Tomorrow I have to talk about my “favourite” book, and I am still mulling over what to say! What an impossibility was my first reaction; after all I have been reading for rather a lot of years – well actually since I was about four or five, I think! So what do I say? I could have said “no” I can’t, but didn’t want to disappoint the person making the request. So I guess I have to spend much of the time given to me explaining just why I can’t choose just ONE!
I realise that some of the possible choices were the same as I put on Facebook, and I still stand by them. To me a favourite is a book I can re-read, and I think it would be fair to say that I have re-read both Jane Austen’s Pride and prejudice and Charlotte Bronte’s Jane Eyre at least five or six times throughout my life – almost once in each decade? I recently picked up a copy of Pride and prejudice, and enjoyed it just as much as I did the previous times, while appreciating some nuances that I had probably missed earlier.
Others on my possible list would be Lewis Carroll’s Alice in wonderland and Through the looking glass. These I am sure I read or had read to me as a child, but when I came upon them as an adult, it was very different, yet still enjoyable on that totally different level, and I am neither a mathematician nor a chess player, so all those allusions still pass me by.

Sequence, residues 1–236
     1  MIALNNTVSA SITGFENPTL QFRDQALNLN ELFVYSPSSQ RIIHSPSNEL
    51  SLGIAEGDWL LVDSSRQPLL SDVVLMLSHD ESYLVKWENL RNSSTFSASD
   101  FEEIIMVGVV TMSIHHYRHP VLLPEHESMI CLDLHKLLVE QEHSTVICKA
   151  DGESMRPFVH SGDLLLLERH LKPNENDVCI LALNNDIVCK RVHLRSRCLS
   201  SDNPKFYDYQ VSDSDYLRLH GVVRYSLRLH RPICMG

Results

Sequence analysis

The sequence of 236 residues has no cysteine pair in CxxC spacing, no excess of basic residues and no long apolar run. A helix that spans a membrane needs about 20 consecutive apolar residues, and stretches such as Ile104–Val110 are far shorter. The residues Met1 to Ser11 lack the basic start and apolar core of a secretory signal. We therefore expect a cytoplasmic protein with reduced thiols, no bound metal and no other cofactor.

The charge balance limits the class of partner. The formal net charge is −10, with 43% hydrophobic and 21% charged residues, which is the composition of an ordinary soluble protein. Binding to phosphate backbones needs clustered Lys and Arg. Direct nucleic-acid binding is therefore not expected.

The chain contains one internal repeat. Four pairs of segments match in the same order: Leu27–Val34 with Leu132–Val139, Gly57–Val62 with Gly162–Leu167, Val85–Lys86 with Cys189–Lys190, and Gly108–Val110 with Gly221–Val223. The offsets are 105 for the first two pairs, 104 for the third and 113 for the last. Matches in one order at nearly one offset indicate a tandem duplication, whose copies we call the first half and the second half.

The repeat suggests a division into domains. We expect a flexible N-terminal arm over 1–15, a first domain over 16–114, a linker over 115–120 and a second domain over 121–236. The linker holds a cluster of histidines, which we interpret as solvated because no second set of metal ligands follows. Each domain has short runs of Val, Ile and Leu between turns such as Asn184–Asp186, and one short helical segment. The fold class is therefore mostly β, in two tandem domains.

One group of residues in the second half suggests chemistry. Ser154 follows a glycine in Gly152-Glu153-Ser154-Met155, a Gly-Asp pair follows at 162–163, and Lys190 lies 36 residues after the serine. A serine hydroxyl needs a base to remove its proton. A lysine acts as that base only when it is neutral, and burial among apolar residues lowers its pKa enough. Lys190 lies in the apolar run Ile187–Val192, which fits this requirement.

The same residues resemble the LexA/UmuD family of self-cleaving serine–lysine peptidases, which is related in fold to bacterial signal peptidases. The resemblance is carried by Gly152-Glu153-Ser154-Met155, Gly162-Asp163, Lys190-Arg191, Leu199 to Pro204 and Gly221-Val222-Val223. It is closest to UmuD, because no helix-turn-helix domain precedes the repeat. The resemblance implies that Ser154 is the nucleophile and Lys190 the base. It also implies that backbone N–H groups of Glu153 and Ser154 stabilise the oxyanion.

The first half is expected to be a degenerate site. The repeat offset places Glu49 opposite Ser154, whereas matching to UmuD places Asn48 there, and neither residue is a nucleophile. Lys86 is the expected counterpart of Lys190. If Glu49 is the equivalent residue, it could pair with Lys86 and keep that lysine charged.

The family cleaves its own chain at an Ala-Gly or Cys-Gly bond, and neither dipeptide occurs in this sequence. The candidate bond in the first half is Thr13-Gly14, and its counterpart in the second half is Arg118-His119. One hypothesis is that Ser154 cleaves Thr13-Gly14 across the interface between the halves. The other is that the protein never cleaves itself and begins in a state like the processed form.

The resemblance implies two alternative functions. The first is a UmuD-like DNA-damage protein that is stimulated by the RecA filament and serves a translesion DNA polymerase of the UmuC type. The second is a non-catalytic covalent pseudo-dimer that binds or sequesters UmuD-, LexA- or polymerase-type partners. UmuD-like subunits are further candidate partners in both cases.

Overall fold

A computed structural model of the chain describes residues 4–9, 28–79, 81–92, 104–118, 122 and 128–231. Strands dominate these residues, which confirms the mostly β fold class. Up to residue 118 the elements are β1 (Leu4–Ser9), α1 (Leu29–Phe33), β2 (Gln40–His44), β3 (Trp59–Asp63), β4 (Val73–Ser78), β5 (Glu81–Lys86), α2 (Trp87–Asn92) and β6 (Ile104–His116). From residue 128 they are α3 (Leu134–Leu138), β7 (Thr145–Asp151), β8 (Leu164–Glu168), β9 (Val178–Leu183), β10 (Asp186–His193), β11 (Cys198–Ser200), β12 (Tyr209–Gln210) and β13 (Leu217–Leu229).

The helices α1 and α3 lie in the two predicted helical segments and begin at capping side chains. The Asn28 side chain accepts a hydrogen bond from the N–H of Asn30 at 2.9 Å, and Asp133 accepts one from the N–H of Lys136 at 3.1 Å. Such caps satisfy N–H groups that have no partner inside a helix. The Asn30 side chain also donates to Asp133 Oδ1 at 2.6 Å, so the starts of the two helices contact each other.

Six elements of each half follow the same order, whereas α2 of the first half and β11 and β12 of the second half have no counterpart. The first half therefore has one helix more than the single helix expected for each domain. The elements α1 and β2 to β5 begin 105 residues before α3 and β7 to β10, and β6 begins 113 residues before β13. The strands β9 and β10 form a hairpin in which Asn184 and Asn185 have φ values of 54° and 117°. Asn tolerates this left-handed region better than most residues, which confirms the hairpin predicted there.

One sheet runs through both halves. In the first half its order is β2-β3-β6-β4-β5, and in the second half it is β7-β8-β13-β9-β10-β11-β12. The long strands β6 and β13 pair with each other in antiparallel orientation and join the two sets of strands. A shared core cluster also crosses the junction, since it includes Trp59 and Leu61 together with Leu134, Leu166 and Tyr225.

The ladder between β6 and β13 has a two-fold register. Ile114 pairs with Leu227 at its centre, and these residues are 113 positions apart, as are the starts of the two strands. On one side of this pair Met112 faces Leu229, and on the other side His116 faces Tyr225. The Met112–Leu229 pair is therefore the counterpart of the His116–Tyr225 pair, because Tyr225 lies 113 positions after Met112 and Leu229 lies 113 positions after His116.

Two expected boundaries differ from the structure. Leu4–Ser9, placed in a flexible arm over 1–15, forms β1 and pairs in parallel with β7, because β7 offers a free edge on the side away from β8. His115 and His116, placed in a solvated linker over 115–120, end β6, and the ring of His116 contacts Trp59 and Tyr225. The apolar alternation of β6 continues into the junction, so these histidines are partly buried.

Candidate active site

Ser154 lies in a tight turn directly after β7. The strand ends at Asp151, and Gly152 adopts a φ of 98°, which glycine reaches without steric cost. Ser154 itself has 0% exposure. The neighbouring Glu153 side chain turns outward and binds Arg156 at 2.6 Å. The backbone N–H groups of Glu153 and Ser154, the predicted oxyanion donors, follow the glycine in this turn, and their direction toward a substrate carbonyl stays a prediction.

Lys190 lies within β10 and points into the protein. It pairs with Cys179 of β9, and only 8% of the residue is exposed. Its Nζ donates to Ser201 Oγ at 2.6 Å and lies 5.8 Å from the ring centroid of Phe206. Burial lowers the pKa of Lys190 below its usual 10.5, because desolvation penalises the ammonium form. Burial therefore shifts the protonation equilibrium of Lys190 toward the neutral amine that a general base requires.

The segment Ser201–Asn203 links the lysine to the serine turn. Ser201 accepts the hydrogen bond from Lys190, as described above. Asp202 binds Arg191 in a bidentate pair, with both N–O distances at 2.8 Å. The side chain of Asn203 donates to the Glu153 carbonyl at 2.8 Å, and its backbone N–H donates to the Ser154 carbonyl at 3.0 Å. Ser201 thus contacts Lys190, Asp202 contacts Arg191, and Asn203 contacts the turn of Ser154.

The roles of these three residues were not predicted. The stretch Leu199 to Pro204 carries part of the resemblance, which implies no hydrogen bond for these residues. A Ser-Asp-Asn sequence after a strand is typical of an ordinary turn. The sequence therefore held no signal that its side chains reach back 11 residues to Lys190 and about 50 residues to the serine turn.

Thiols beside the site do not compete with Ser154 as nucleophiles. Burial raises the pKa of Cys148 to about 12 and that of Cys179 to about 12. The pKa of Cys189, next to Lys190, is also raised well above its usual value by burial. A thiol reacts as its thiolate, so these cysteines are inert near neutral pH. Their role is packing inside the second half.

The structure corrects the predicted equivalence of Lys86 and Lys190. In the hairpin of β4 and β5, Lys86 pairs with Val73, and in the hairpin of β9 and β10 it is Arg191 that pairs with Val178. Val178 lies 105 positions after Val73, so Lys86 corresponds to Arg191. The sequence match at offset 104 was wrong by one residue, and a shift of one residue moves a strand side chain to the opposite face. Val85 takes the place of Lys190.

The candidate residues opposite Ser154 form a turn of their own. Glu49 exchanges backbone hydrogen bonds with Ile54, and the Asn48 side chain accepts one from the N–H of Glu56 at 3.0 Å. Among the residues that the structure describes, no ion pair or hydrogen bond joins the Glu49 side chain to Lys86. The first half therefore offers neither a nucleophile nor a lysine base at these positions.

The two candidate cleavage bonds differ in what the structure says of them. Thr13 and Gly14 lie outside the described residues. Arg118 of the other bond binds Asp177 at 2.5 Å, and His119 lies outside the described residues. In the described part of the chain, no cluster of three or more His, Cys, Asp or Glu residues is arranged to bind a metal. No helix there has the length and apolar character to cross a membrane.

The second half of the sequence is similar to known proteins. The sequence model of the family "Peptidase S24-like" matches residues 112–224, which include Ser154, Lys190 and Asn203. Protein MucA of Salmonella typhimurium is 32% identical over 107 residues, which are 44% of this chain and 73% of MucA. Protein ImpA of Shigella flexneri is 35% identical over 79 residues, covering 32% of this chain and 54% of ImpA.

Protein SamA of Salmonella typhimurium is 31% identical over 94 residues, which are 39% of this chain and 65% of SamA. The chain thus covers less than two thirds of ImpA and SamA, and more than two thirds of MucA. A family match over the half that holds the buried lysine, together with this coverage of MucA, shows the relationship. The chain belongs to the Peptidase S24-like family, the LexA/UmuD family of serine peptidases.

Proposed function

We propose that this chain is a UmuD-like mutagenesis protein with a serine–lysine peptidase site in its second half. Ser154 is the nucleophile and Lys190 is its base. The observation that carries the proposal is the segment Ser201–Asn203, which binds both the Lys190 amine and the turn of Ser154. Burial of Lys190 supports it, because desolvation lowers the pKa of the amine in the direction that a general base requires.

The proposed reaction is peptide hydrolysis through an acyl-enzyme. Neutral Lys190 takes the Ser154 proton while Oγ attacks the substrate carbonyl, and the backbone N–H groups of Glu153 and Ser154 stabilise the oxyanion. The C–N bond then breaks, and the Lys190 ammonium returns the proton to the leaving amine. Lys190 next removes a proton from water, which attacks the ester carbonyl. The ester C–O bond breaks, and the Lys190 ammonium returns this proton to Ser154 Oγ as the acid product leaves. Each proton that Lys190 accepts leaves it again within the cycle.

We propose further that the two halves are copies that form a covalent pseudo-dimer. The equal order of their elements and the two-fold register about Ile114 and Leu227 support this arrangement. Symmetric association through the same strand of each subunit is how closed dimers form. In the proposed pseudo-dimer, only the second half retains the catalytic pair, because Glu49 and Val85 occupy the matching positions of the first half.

And lastly – but it isn’t really, really, lastly – I would put the Tintin series. I first read these graphic novels cum comics in French in Belgium, when I must have been around eight or nine, and that was in the 1950s. I don’t think I fully understood them, but the pictures were fun and carried the stories. And I remember having the whole collection – with additions for Christmas presents – at some point in my childhood, and they could be read, and re-read, and re-read, and passed on to others – my sister and brother.
And then rediscovered in all places at the Ashanti Regional Library of the Ghana Library Board in 1980/81 when I first joined them, and was in charge of the children’s library. I took them home, and everyone loved them, even if they couldn’t understand the stories fully – kids, teens, husband, even husband’s friend! And I myself found myself with new enthusiasm entering the world of Snowy, Captain Haddock and the Thompson/Thomson twins as well as Professor Calculus (though I still prefer his French name, Tournesol).
I saw them somewhere recently in Accra, and it was very, very hard to resist!